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Spotify expands into the audiobooks market by partnering with Storytel

·3-min read

Spotify is further expanding into audiobooks -- but not in the way you may think. The company today announced a new partnership with audiobooks platform Storytel, which will allow existing Storytel subscribers to connect their account through Spotify to access their audiobooks within Spotify's app. The partnership is the first notable example of what's possible with Spotify's recently introduced Open Access Platform (OAP), which aims to give creators and publishers a way to extend their reach.

The company briefly spoke about its plans for Open Access Platform during its press event, Stream On, earlier this year, where it also detailed plans for paid podcast subscriptions, Spotify HiFi and other new features. The Open Access Platform gives a publisher or creator a new way to deliver their content to their existing subscriber base by allowing their customers to stream the content through Spotify. Storytel is the first major publisher to adopt OAP, thought Ben Thompson of Stratechery did say that he's also using the platform.

The technology supports using the creator or publisher's existing login system and allows them to maintain direct control over their relationship with listeners. For example, a paid podcast could use the system to stream to existing subscribers. In Storytel's case, however, the company offers audiobook content, not podcasts.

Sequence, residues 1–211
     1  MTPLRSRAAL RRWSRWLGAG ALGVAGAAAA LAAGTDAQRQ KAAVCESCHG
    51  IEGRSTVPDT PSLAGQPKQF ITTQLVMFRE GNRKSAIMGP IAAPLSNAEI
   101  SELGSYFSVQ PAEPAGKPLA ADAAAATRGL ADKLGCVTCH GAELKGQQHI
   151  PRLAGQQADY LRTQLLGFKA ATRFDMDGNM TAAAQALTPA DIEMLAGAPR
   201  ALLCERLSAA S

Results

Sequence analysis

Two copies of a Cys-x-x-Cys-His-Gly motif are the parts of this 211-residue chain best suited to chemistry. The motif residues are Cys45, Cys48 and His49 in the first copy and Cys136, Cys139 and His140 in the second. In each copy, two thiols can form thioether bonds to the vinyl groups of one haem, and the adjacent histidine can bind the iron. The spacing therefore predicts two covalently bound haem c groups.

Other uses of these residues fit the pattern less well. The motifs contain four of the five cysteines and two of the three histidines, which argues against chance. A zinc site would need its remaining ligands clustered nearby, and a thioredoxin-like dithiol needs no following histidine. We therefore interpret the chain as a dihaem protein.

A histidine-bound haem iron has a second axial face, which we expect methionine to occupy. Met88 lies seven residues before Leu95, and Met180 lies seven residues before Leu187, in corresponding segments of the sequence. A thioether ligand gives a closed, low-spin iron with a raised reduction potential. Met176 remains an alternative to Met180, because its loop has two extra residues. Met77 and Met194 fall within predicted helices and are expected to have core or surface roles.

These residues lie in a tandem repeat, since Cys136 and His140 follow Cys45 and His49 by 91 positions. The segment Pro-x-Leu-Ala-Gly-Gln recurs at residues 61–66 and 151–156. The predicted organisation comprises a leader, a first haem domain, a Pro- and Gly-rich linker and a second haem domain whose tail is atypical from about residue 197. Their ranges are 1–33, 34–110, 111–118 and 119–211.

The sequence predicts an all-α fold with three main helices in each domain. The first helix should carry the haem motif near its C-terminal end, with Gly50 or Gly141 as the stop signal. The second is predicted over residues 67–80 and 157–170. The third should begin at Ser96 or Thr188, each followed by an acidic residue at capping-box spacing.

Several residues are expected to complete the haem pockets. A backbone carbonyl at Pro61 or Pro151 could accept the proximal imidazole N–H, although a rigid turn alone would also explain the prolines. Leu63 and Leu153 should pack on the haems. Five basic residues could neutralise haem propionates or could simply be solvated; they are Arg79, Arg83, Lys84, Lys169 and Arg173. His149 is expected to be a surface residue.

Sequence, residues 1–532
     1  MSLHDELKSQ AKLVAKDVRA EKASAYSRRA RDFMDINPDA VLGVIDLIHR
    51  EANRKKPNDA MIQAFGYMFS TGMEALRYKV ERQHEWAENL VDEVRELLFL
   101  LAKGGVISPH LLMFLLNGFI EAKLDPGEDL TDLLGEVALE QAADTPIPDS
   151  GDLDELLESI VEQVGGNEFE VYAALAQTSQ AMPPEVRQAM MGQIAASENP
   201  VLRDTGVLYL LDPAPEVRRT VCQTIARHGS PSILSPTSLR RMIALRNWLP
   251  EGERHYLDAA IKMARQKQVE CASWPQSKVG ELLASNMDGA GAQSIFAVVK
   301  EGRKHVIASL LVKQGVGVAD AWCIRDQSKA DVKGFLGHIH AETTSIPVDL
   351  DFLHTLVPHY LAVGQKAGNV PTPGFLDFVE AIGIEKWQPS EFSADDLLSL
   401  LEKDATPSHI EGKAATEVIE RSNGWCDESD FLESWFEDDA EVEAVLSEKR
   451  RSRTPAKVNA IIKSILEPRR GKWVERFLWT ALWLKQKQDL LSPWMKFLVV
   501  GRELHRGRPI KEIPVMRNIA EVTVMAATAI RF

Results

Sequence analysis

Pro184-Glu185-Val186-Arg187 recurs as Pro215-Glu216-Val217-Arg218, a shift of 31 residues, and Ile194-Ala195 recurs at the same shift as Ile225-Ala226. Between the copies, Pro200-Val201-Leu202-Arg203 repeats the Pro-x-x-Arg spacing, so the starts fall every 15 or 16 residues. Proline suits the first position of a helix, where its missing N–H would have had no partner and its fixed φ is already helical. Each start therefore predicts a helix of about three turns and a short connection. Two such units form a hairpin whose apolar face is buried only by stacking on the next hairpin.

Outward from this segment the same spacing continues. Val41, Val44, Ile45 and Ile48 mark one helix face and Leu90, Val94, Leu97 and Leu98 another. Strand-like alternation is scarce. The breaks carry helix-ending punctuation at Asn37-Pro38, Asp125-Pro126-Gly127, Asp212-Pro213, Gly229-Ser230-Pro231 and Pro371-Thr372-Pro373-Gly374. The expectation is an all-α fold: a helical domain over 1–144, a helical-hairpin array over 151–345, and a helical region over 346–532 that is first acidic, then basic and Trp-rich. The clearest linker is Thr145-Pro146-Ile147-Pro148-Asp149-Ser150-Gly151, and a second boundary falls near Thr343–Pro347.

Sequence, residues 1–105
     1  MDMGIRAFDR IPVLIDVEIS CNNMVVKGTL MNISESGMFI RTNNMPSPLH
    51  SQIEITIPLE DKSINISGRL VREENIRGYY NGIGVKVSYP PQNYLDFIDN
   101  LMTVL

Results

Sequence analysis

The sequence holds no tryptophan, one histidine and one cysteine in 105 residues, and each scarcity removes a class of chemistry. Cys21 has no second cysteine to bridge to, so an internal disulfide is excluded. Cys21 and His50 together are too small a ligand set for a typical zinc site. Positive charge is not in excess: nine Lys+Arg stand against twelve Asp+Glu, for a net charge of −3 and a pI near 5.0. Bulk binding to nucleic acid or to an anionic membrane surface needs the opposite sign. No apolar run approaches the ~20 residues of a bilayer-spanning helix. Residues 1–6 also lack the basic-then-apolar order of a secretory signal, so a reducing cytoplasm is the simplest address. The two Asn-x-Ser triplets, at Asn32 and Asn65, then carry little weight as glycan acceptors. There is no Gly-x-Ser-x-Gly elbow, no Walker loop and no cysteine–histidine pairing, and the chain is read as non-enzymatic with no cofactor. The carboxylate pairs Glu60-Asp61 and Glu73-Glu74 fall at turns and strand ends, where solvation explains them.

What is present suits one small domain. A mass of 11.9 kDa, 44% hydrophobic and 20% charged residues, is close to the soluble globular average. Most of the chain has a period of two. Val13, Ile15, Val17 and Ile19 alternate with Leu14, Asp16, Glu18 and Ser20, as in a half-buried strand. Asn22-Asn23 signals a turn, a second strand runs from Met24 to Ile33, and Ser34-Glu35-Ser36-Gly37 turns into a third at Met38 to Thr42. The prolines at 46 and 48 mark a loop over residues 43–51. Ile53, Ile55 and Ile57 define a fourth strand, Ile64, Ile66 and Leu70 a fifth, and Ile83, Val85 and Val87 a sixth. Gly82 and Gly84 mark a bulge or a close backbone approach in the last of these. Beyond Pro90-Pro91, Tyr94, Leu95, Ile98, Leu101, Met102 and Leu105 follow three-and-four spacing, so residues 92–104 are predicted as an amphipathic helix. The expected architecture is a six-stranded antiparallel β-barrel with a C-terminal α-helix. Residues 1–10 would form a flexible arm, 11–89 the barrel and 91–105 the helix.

"We want everyone to have access to great stories, and today Storytel offers more than 500,000 audiobooks on a global basis across 25 markets," said Jonas Tellander, Storytel founder and CEO, in the company's announcement. "Partnering with Spotify make amazing audiobook experiences and exciting authorships easier than ever to access for our customers, while we will also be tapping into the opportunity of reaching new audiences who are on Spotify today, but have not yet experienced the magic of audiobooks," he added.

A competitor to Audible, Storytel offers audiobooks in a variety of languages, including some in English, for a fixed monthly price (around $20/mo, but varies by market). Its unlimited library access may make it a better deal for people who listen to more than one audiobook per month. Typically, Storytel customers would stream via the mobile app for iOS or Android.

The company has 1.6 million subscribers, per a Reuters report. Spotify, meanwhile, has 356 million users, including 158 million subscribers across 178 markets.

The integration itself will go live later in 2021, allowing Storytel customers to sign into their accounts then stream through Spotify by linking their accounts. Spotify doesn't have plans to market to users to sign up for a Storytel subscription from its app at this time, but at the point of account linking, users could be directed to sign up instead of log in, if need be.

Spotify had dabbled in audiobooks before Storytel. In January this year, for example, it began testing the format with a handful of classics, like "Frankenstein," "Jane Eyre," "Persuasion" and others, narrated by celebs. It had also previously offered the first "Harry Potter" book with chapters narrated by stars like Daniel Radcliffe, David Beckham and Dakota Fanning.

More partners for the Open Access Platform will be introduced this summer, Spotify says.

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